Wednesday, June 8, 2011

+ is often used to replace "AND," not "plus."

A woman in my class last semester who shall remain nameless, (since I can't remember her name,) told my entire class that the "Claire Danes' Romeo and Juliet is actually pronounced 'Romeo Plus Juliet.'" We must assume that she thinks because it's written "Romeo + Juliet," it must read "Plus." Yet... rarely in the English world does +=Plus. In MATH, sure, it's a "plus" sign, but in ENGLISH, it's an "and" sign.

Don't be fooled, as my class was, my friends. (Not that you would be.) Some of us remember the previews and commercials for Romeo + Juliet, and we would have remembered if they had ever said "Plus." I mean, come on!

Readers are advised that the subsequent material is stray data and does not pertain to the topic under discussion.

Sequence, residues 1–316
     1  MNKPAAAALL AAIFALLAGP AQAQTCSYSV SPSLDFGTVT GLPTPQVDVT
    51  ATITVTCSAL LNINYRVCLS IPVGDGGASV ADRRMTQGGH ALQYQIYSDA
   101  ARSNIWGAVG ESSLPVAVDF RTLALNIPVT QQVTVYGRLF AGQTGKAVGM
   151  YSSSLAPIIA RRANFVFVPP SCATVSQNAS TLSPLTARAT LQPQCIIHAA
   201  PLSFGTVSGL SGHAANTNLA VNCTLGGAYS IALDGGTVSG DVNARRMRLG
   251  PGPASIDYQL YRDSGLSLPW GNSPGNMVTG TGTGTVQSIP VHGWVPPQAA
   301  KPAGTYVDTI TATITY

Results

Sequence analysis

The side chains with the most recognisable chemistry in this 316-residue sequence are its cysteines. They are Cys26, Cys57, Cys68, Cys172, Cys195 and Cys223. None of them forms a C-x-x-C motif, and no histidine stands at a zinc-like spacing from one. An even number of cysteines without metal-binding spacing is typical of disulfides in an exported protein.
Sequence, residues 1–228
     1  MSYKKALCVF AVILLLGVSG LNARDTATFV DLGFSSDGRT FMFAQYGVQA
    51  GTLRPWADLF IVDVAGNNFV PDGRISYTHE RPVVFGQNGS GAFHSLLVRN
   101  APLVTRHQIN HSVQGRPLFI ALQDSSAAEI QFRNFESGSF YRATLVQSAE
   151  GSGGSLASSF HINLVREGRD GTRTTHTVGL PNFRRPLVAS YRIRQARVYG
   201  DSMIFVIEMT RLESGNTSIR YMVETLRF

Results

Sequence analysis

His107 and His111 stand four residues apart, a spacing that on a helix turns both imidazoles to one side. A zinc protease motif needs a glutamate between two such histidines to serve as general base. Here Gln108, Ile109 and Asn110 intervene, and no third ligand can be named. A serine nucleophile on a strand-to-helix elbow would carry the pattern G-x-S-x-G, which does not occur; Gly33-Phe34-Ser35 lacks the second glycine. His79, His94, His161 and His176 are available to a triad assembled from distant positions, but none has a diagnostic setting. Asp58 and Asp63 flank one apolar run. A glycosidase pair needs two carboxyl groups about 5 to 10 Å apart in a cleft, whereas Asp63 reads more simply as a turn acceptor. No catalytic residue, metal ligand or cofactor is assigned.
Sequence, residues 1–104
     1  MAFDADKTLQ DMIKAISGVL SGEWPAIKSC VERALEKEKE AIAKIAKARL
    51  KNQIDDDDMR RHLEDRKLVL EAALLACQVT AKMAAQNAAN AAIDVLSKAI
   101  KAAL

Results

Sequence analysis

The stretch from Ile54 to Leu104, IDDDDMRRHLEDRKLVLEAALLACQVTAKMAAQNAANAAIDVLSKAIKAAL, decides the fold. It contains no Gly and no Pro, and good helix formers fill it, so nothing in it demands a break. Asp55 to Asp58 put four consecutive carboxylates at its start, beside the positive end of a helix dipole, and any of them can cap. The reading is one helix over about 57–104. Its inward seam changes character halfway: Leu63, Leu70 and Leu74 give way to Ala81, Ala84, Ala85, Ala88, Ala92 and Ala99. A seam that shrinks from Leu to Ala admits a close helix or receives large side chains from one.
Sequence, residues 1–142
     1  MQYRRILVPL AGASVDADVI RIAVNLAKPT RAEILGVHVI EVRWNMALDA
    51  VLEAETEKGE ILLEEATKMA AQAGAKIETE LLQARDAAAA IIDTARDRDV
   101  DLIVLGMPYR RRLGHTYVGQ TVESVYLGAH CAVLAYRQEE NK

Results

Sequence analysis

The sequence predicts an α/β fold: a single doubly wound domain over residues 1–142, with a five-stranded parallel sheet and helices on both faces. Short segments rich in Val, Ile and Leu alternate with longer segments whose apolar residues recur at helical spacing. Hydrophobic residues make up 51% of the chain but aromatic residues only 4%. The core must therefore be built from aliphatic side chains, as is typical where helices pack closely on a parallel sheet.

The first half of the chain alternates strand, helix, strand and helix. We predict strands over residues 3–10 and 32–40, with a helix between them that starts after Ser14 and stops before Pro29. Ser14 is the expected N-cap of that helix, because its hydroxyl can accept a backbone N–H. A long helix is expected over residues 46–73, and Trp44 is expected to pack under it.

It's a life-long goal of mine to not correct people who mis-quote movies, or mis-represent movies. (It's a huge pet-peeve of mine when it happens, but a huge pet-peeve of those around me when I correct them.) So, I didn't correct her... and the knowledge of this fact is driving me insane, so I had to put it here.

As if Baz Luhrmann wanted to set his Romeo and Juliet apart from others, or something. He uses Shakespeare's words! To change the name would be to plagiarize, (though, it's not like there's a copyright on Shakespeare.)

I know, what you're thinking. "What's in a name?"
Ha.... Ha.... Ha.....

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